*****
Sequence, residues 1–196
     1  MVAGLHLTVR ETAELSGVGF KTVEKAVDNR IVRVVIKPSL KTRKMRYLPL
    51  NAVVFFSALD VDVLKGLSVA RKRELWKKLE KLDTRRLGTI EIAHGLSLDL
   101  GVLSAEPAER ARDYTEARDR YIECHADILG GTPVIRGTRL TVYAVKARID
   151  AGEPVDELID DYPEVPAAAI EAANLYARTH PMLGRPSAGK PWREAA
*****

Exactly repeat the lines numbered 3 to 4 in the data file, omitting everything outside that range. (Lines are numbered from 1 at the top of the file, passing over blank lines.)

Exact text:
    51  NAVVFFSALD VDVLKGLSVA RKRELWKKLE KLDTRRLGTI EIAHGLSLDL
   101  GVLSAEPAER ARDYTEARDR YIECHADILG GTPVIRGTRL TVYAVKARID